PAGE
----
Early Losses Fade, Stocks Finish Higher
- Read transcript
After beginning the day lower, U.S. equities finished to the upside, as investors appeared to take testimony from Fed Chair Jerome Powell in his confirmation hearing in stride. Powell suggested a soft landing as the Central Bank moves to remove its emergency stimulus measures and travel down the path to tighter monetary policy. Much of the downside volatility as of late seems to have come courtesy of a jump in bond yields amid heightened inflation pressures, increasing investor expectations that the Fed and other global central banks may quickly accelerate the tightening of their monetary policies. In economic news, small business optimism improved more than expected but inflation and labor shortages remained sore spots. On the corporate front, CVS Health, Illumina and Shake Shack issued upbeat guidance. Treasuries were mostly higher, with yields on the longer end seeing pressure and the U.S. dollar was lower, while crude oil prices and gold traded solidly higher. Europe finished with widespread gains, while markets in Asia were mixed as Japan returned to action from a holiday break.
The Dow Jones Industrial Average rose 183 points (0.5%) to 36,252, the S&P 500 Index increased 43 points (0.9%) to 4,713, and the Nasdaq Composite was 211 points (1.4%) higher at 15,153. In heavy volume, 4.0 billion shares of NYSE-listed stocks were traded, and 4.3 billion shares changed hands on the Nasdaq. WTI crude oil jumped $2.99 to $81.22 per barrel. Elsewhere, the gold spot price advanced $23.40 to $1,822.20 per ounce, and the Dollar Index—a comparison of the U.S. dollar to six major world currencies—lost 0.4% to 95.62.
CVS Health Corporation (CVS $106) raised its 2021 fiscal year earnings-per-share (EPS) guidance and affirmed its profit outlook for 2022, ahead of today's webcast with investors. Shares traded to the upside.
Illumina Inc. (ILMN $424) announced that it expects fiscal year 2021 revenue that is above the Street's forecasts, while issuing a 2022 revenue outlook that came in above expectations. Shares of ILMN were over 15% higher.
Shake Shack Inc. (SHAK $77) announced that it sees Q4 revenues of $203.3 million and a 20.8% increase in same-store sales, ahead of the Street's forecasts for sales of $198.0 million on a gain in same-store sales of 16.9%. Shares rallied over 10%.
As noted in our 2022 Schwab Market Outlook: Ebb Tide, while overall stock market performance was strong in 2021, there has been a lot of churn beneath the surface. We look at the question of will U.S. stock indices begin to reflect more of that weakness in 2022? It's possible, especially as the world's major central banks begin to drain the liquidity that has supported financial markets since the start of the COVID-19 pandemic in March 2020. But major uncertainties remain, including the pace of inflation, how central banks will react to it, and the direction of the virus.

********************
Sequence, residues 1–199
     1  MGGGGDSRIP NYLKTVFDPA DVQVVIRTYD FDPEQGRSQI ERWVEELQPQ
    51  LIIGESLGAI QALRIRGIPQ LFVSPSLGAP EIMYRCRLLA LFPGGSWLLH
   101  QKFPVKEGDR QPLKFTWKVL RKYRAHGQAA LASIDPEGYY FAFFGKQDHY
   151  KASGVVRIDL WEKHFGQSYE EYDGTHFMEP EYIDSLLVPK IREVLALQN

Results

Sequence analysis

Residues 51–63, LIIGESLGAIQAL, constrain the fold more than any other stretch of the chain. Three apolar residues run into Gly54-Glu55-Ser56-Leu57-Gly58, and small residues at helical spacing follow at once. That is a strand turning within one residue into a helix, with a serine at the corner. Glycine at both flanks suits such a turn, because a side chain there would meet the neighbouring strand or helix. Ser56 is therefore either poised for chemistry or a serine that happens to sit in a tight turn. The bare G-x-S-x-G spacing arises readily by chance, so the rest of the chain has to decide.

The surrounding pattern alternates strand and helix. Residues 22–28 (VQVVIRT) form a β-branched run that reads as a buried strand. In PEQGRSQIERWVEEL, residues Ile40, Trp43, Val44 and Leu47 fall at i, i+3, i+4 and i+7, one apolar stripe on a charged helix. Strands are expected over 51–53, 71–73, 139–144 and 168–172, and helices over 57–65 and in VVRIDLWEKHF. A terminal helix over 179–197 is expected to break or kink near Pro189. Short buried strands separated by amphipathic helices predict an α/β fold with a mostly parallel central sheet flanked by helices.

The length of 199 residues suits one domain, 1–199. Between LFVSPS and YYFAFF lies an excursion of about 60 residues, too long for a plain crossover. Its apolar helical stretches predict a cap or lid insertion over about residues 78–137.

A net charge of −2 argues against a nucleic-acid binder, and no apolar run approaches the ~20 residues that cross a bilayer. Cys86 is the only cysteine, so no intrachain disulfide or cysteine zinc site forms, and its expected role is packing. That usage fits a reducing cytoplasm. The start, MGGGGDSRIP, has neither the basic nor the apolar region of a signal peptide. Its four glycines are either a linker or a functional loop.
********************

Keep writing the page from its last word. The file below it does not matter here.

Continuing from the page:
Find all our market commentary on our Market Insights page and follow us on Twitter at @SchwabResearch.
Small business optimism ticks higher, Powell's confirmation hearing begins
The National Federation of Independent Business (NFIB) Small Business Optimism Index for December ticked slightly higher to 98.9 from November's 98.4 level, versus the Bloomberg estimate of a rise to 98.7. The report pointed out labor shortages and inventory shortages continue to impact business operations. The NFIB said, "Small businesses unfortunately saw a disappointing December jobs report, with staffing issues continuing to impact their ability to be fully productive, while inflation is at the highest level since the 1980s and is having an overwhelming impact on owners' ability to manage their businesses."
Treasuries were mostly higher, as the yield on the 2-year note was flat at 0.90%, while the yields on the 10-year note and the 30-year bond were 3 basis points lower at 1.75% and 2.08%, respectively.
The Treasury yield curve has steepened noticeably to begin the year as the markets grapple with the prospect of Fed tightening and the rapid spread of the omicron variant. The steepening was amplified by last week's hawkish minutes from the Fed's December meeting, which suggested along with accelerated tapering and multiple rate hikes this year, it may begin to reduce its balance sheet sooner than expected. The markets also paid close attention to today's confirmation hearings for a second term for Fed Chair Jerome Powell, looking to see if he provides any guidance on the timing of the first rate hike and how many increases may be in store. In his testimony, Powell suggested a soft landing as the Central Bank moves to remove its emergency stimulus measures and travel down the path to tighter monetary policy, adding that the U.S. economy is healthy enough to move in that direction.